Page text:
At its current rate of job creation, the U.S. will not return to its pre-recession unemployment rate of around 5 percent before 2020, according to the Economic Policy Institute.
Job growth was slow even before the recession.
From the Economic Policy Institute: "The business cycle from 2000-2007 is the weakest full business cycle on record for job creation, due to the fact that demand was insufficient to drive overall GDP gains that were robust enough to generate strong job growth." It appears that the middle class squeeze has hurt job creation and economic growth.
We are poorer than we could be.
Households in the middle fifth of income distribution would have been making $18,897 more per year as of 2007 if their incomes had grown as quickly as overall average incomes between 1979 and 2007, according to the Economic Policy Institute. (The sizable income growth for top earners since 1979 skewed the overall average.)
The rich have captured most income growth.
The top one percent captured 60 percent of total income growth between 1979 and 2007, while the bottom 90 percent was left with just 9 percent of the total, according to the Economic Policy Institute. Moreover, the top one percent's incomes rose 241 percent, in contrast to 11 percent growth for the bottom fifth and 19 percent growth for the middle fifth. [Chart credit: <a href="http://stateofworkingamerica.org/chart/swa-income-figure-2a-real-median-family/" target="_hplink">Economic Policy Institute</a>]
Wages have grown more quickly for the rich.
Wages for the top one percent spiked 131 percent between 1979 and 2010, while wages for the bottom 90 percent of workers rose just 15 percent over that same period, according to the Economic Policy Institute. [Chart credit: <a href="http://stateofworkingamerica.org/chart/swa-wages-figure-4h-change-real-annual-wages/" target="_hplink">Economic Policy Institute</a>]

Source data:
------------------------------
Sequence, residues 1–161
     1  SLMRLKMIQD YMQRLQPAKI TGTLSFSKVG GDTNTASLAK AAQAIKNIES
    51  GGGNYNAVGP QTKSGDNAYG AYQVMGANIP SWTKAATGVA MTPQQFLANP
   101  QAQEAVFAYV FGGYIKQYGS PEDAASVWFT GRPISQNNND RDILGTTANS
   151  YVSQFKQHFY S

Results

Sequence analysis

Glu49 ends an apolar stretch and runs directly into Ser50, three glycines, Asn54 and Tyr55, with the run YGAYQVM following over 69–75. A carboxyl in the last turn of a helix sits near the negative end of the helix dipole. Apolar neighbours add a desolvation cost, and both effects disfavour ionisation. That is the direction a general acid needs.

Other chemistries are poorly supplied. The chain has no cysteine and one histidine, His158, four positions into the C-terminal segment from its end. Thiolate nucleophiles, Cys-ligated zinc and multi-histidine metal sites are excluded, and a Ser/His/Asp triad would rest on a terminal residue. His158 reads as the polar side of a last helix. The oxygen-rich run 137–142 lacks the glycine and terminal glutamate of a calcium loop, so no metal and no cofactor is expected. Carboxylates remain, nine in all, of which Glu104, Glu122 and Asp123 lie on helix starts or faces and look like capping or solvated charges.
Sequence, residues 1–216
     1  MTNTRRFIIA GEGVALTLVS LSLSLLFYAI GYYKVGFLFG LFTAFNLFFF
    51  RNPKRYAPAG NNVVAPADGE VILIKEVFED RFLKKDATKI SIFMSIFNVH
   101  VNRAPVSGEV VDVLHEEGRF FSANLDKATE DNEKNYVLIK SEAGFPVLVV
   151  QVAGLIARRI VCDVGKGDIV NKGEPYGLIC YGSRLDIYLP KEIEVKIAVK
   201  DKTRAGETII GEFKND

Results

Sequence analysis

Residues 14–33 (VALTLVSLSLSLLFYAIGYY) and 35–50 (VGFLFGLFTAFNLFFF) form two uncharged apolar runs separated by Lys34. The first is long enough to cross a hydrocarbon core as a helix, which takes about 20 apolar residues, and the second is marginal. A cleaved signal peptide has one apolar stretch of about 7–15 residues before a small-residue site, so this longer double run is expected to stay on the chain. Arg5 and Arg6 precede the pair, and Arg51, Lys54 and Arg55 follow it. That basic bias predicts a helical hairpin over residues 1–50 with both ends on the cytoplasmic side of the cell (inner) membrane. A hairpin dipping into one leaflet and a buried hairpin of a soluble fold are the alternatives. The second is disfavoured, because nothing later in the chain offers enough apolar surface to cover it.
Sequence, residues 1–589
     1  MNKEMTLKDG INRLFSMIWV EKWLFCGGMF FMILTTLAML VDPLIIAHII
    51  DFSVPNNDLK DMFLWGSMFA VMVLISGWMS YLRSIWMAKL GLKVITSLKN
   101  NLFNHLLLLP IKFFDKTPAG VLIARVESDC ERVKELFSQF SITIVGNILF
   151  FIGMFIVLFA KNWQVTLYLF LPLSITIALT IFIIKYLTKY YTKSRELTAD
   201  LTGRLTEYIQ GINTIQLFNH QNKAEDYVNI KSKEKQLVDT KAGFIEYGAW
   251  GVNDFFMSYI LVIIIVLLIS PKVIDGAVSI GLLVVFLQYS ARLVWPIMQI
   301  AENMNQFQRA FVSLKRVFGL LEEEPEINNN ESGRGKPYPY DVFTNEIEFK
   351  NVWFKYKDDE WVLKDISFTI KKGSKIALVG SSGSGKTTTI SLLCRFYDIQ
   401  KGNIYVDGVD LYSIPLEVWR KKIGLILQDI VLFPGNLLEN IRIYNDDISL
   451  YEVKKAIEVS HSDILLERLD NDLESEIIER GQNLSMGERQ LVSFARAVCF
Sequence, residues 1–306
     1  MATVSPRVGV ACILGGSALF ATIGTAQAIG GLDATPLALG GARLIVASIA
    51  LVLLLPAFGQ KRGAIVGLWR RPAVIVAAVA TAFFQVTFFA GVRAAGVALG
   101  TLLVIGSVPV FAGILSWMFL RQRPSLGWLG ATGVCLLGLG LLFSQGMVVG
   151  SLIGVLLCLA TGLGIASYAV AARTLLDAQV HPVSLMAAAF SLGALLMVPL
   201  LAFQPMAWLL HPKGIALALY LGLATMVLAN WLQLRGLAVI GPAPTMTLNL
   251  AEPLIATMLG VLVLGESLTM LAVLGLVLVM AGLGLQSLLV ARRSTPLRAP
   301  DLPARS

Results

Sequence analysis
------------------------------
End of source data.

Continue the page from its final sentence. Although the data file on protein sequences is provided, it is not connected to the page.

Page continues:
The poorest Americans are earning less than in 1979.
Americans in the bottom tenth of the wage distribution earned less last year than the lowest earners did in 1979, accounting for inflation, according to the Economic Policy Institute. Meanwhile, the real wages of the median worker rose only 6 percent between 1979 and 2011.
The American Dream is eroding.
"Families headed by early baby boomers (born between 1945-1954) are the last generation (on average) to achieve higher living standards than the one that preceded them," the Economic Policy Institute says. Among families with incomes below $28,000 in 1994, less than 1 percent made it to the top fifth of incomes 10 years later, according to the Economic Policy Institute.
This has been a lost decade.
On average, hourly pay has not grown at all since 2002 for workers with a college degree or with only a high school degree, according to the Economic Policy Institute. Wages have not grown for college graduates in nearly every occupation, and college graduates in the 70th income percentile or lower have had stagnant or falling wages since 2000. [Chart credit: <a href="http://stateofworkingamerica.org/chart/swa-wages-figure-4a-change-total-economy/" target="_hplink">Economic Policy Institute</a>]